Treasury seeks new head
By Pattrick Smellie
Dec. 13 (BusinessDesk) – The most influential public service job in the land is up for grabs, with the State Services Commission advertising today for applications to take over as Secretary to the Treasury when incumbent John Whitehead retires next August.
Whitehead will be leaving after close to eight years at the helm of the most powerful government department.
While others, such as the governor of the Reserve Bank or the Auditor-General have powers of their own that over-ride Parliament’s, no other department reaches so deeply into every facet of the state’s activities as the Treasury’s.
Whitehead joined The Treasury in 1982, worked as the Treasury’s secondee in the white-hot political environment of Prime Minister David Lange’s office during the 1988 meltdown with Finance Minister Roger Douglas, and took the helm in 2003, following current Reserve Bank governor, Alan Bollard.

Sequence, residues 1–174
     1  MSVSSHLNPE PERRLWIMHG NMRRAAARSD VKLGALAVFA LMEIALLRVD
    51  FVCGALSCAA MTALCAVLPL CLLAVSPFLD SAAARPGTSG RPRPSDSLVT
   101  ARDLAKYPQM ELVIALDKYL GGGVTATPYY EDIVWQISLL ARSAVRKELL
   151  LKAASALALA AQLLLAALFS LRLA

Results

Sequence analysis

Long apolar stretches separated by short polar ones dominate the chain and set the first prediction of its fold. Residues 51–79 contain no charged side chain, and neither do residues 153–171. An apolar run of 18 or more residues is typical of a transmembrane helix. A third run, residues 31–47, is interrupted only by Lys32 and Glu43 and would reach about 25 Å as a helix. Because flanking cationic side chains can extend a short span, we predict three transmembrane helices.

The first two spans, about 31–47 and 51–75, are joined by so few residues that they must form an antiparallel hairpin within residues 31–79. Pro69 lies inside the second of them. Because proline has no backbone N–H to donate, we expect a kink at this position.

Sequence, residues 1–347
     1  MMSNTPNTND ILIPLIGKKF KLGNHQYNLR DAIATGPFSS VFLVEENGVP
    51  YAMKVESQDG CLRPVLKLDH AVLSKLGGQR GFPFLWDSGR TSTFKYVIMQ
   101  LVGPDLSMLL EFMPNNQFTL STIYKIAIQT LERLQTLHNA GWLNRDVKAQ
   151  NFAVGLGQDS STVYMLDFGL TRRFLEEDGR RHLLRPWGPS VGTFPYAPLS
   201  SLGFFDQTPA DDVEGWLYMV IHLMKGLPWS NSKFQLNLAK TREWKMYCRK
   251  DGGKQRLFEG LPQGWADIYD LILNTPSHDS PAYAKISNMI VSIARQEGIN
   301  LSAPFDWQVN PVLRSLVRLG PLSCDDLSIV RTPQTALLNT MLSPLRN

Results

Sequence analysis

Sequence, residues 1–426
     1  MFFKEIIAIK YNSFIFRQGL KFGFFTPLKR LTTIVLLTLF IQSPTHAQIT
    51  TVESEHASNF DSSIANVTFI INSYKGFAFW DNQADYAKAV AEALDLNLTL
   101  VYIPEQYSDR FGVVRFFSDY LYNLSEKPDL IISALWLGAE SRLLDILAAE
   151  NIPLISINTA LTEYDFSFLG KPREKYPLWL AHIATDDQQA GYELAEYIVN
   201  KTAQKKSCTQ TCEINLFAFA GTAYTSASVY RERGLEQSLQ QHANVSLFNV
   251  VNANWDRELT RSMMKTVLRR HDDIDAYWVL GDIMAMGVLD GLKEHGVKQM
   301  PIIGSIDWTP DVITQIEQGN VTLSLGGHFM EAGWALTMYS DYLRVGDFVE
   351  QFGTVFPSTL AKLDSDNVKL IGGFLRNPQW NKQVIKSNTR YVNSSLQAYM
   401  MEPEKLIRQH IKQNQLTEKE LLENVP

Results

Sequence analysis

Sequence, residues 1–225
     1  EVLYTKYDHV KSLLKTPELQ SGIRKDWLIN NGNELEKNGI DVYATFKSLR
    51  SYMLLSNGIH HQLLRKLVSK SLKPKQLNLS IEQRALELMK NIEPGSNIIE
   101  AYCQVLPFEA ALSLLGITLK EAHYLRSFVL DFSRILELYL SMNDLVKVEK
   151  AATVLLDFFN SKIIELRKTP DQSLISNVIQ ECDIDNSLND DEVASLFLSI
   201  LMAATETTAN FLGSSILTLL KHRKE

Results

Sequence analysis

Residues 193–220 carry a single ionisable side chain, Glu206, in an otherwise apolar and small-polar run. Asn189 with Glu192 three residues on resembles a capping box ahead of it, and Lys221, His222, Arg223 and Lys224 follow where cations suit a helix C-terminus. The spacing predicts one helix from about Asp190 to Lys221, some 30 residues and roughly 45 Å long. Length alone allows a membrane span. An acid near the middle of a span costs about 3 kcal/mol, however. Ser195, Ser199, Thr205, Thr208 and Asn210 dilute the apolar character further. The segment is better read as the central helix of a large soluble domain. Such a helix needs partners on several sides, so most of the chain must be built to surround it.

In the last two years, Whitehead oversaw a senior management restructure which saw the departure of some very long-serving colleagues, and the promotion of Andrew Kibblewhite, a former Prime Minister’s Office adviser to both Helen Clark and John Key, to the position of deputy secretary.
Kibblewhite was joined by the appointment of Gabrial Mahklouf, recruited from HM Revenue and Customs in the U.K., and Whitehead also created a new position of chief economist, filled by Norman Gemmell, an economics professor from the University of Nottingham.
The SSC appoints the Secretary to the Treasury, who is responsible to the Minister of Finance.
The job description on the SSC website says the requirements for the next Secretary’s term are: “strengthened economic performance; improved resilience of the New Zealand economy; improved performance and reduced cost of Government services; and improved performance of The Treasury at lower cost.”
The department has an annual budget for its core economic advisory and monitoring activities of $57 million.